Nearly half of new teachers have not had enough training to deal with violence in the classroom, a survey showed today.
Figures seen by the BBC also suggest two-thirds of newly qualified teachers have received no clear guidance on restraining violent students.
The Association of Teachers and Lecturers (ATL), which carried out the survey, has called for such training to be made compulsory.
According to the union, 49 per cent of newly-qualified teachers and probationers in England, Scotland, Wales and Northern Ireland felt they had not had enough training to deal with challenging behaviour.
One in five said they had been provided with clear guidance on restraining violent pupils, with nearly 30 per cent saying the area had not yet been covered in training.
Sharon Liburd, from the ATL, told the BBC: "These violent confrontations can erupt very very quickly, they (teachers) need to be clear about what sort of steps they can take to try to stop the situation from escalating, if they have to physically intervene and how in fact they do that."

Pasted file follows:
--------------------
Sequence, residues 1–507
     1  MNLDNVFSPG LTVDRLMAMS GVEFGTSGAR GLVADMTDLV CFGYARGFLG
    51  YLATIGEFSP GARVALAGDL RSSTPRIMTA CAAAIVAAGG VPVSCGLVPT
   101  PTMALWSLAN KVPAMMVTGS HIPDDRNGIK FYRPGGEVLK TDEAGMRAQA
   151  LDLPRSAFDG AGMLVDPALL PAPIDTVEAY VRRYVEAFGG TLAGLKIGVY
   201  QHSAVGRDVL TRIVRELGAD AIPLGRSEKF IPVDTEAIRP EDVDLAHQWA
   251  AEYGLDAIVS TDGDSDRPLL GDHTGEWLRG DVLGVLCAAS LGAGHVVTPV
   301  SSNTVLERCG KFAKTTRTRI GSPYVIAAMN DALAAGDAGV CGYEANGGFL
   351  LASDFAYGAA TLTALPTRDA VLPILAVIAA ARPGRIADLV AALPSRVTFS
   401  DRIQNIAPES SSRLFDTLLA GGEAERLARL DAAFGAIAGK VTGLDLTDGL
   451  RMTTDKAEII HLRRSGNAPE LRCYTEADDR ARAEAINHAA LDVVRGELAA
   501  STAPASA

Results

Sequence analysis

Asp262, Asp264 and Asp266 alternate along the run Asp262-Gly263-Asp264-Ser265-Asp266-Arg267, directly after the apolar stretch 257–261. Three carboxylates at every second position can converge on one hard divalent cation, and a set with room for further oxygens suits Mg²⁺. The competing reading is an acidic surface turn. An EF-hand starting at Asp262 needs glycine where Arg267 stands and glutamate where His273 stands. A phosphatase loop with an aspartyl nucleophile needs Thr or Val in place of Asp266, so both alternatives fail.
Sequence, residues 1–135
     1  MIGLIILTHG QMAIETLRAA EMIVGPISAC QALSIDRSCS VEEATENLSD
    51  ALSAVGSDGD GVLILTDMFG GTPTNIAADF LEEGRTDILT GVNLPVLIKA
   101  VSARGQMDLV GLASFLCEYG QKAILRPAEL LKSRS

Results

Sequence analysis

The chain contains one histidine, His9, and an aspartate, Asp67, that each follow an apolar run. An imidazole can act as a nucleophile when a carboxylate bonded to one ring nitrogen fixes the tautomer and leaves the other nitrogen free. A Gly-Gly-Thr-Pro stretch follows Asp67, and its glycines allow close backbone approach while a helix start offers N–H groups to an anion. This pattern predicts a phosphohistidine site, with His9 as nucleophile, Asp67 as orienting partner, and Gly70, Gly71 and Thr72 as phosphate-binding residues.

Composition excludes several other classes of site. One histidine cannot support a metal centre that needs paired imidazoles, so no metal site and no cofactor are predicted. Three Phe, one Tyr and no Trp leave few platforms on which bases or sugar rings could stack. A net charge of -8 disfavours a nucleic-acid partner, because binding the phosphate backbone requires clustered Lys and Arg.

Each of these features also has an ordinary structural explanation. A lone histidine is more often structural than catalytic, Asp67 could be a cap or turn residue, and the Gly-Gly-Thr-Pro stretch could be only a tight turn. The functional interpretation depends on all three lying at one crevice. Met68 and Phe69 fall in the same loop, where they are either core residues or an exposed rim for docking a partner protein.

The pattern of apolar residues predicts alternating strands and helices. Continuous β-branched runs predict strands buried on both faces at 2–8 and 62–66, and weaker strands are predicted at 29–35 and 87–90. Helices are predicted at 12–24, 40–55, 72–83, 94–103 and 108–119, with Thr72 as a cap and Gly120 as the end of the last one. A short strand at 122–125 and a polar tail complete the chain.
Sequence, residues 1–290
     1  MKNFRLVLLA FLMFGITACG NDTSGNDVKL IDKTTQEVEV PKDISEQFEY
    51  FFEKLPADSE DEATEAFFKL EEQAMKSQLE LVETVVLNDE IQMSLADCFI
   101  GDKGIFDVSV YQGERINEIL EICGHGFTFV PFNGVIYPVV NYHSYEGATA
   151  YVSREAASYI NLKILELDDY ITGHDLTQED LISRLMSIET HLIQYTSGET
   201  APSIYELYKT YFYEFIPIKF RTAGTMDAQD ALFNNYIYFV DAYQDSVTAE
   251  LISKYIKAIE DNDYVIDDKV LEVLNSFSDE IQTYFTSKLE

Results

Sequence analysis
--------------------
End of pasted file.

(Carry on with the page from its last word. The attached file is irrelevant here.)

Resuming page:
The ATL surveyed 1,001 of its members across the UK.
A spokesman for the Department for Children, Schools and Families said new teachers were given support to ensure they had the skills they needed.
He said: "Good behaviour and an atmosphere of respect should be the norm in all schools.
"In his recent review, Sir Alan Steer said that behaviour standards have improved and are good in the majority of schools.
"We are determined to tackle poor behaviour and raise overall behaviour standards - that is why we have given schools clearer and stronger powers than ever before to ensure good school discipline."